Illegal: Life and Death in Arizona's Immigration War Zone

Illegal: Life and Death in Arizona's Immigration War Zone

by Terry Sterling

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Product Details

ISBN-13: 9781599218618
Publisher: Rowman & Littlefield Publishers, Inc.
Publication date: 07/01/2010
Pages: 256
Product dimensions: 5.50(w) x 8.40(h) x 0.80(d)

About the Author

Terry Greene Sterling is a Spanish-speaking award-winning journalist and photographer based in Phoenix, which is ground zero for the nation’s immigration wars and home to most of Arizona’s five hundred thousand or more illegal immigrants. She is Writer-in-Residence and a faculty associate at the Walter Cronkite School of Journalism and Mass Communication at Arizona State University. She has covered all aspects of the American West, including immigration and Latino issues, for twenty-five years. She has won more than fifty national and regional journalism awards, including several awards for diversity writing. She is a three-time winner of Arizona’s highest journalism honor, the Virg Hill Journalist of the Year Award, and was a staff writer at Phoenix New Times for thirteen years. Her stories have appeared in numerous newspapers and magazines, including The Washington Post, Newsweek, salon.com, The Nieman Narrative Digest, Preservation Magazine, Arizona Highways, High Country News, and PHOENIX Magazine, where she is contributing editor. She also has a Master of Fine Arts degree in Creative Nonfiction from Goucher College in Maryland, where she studied with Tom French and Walt Harrington, two master narrative journalists. She is a member of Investigative Reporters and Editors and The American Society of Journalists and Authors. Her blog on her experiences and findings investigating the "border battle" in Arizona can be found at whitewomaninbarrio.com, an intereactive web site that includes photos, videos, maps locating border deaths, book tour events, etc. She can also be followed on Twitter.

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Illegal: Life and Death in Arizona's Immigration War Zone 4.3 out of 5 based on 0 ratings. 4 reviews.
Tia_Laura More than 1 year ago
Terry Green Sterling's treatment of the border issues facing Arizona is truthful, sensitive and epiphanic. I travel often in Mexico and Sonora in particular and have witnessed the accuracy of Terry's account of the people and her experiences. I live in Phoenix and agree with her astute assessments of the conditions she describes on both sides of the border. She does an excellent job of portraying a cross section of the Latino community, the problems they face, the circular logic in laws and enforcement that create a lose-lose situation for us all. Though her anecdotal stories are persuasive, she backs up her appraisal with hard facts and figures from reliable sources. She presents the arguments used on both sides of the debate and provides the readers with enough evidence to form their own opinion. The reader sees the heartbreak of families torn apart, the frustration of Latinos and Anglos waiting for a solution, and the hate fertilized by fear. This book was nearly impossible for me to put down. Not only was "Illegal" informative, but she has a beautiful and captivating writing style that draws the reader in and holds you till the very end. You will not soon forget the haunting humanity Terry parades before you, one by one. I wish everyone in Arizona and those affected by these immigration issues would read this book. I also wish our politicians in Washington, who determine immigration reform legislation would read this book too.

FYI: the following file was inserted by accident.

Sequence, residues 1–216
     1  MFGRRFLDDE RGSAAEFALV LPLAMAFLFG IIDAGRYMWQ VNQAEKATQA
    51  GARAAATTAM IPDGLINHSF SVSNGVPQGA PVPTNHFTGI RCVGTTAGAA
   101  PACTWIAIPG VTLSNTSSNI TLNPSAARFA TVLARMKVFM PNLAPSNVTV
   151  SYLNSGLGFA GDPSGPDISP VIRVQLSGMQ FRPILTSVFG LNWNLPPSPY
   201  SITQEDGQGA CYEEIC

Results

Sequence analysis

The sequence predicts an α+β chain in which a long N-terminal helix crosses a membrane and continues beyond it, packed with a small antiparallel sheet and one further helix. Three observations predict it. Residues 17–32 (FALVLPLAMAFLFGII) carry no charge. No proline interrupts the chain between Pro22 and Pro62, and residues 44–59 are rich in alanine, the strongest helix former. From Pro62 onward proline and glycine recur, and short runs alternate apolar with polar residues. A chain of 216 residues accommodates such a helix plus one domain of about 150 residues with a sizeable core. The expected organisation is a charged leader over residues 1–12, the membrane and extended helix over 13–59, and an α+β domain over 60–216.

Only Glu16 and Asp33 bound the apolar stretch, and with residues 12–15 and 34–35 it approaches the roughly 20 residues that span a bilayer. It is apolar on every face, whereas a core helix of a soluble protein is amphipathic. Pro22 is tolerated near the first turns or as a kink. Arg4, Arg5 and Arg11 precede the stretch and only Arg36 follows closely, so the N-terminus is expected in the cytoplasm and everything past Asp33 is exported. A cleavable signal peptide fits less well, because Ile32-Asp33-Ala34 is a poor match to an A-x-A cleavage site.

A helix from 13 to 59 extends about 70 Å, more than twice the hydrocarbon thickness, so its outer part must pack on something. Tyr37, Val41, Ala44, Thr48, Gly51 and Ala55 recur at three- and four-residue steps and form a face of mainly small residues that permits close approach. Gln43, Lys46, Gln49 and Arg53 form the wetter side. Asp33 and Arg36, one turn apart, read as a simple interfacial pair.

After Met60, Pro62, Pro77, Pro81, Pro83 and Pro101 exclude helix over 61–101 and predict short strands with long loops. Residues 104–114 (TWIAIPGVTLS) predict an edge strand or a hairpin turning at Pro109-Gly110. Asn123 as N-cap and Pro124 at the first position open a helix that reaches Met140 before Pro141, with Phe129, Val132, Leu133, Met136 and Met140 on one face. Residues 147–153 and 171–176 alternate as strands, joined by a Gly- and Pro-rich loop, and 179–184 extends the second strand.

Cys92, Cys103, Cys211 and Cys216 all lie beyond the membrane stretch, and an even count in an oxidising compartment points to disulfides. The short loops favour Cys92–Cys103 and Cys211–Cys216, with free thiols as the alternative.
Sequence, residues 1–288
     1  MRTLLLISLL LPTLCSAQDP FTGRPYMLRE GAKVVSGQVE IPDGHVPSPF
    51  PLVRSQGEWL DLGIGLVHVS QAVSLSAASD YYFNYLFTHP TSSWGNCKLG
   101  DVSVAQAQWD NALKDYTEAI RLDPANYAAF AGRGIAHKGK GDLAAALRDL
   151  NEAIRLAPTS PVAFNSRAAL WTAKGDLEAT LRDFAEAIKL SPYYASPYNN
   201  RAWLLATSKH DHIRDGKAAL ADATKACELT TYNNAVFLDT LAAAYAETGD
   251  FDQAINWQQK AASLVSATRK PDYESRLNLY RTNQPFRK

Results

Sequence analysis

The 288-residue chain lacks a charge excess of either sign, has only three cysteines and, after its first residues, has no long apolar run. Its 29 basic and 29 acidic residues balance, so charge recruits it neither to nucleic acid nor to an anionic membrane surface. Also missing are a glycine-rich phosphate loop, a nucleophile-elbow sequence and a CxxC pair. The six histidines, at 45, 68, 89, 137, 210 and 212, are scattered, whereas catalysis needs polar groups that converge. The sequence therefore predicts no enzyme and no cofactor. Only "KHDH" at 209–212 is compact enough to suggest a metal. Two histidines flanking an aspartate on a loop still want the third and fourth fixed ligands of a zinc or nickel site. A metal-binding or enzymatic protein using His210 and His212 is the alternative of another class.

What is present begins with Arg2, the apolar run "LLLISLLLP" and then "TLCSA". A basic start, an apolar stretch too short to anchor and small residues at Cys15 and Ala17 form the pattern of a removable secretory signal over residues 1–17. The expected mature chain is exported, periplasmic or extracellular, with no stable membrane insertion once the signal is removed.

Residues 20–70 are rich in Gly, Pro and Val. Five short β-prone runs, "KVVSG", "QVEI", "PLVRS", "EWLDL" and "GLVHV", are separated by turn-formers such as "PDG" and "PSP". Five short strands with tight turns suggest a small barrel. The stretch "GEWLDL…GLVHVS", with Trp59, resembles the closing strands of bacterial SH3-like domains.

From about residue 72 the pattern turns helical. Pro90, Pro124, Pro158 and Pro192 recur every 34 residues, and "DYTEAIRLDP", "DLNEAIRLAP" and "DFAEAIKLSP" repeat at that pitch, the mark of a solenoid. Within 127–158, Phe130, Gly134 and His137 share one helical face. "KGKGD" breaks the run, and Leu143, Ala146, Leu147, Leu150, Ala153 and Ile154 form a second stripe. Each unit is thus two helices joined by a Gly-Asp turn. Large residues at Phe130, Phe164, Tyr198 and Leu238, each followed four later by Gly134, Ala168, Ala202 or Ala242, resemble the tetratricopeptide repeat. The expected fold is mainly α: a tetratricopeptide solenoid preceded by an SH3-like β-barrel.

Centered-Pols More than 1 year ago
Terry Greene Sterling has done an amazing job of showing us the human cost of our broken immigration system to citizens as well as non-citizens.
Archihuahua More than 1 year ago
This book shovels away so many ugly illusions about what is happening at the U.S.-Mexican line. I have never read a story about immigration and the border that is both so well informed and written so deeply from the heart. Truth is harsh here, yet is rendered to the reader so tenderly. Terry Greene Sterling is inured to the territory to the point where affectation would be impossible. It is a monumental achievement in both research and narrative. I am rereading it already, because I didn't want to put it down.
Anonymous More than 1 year ago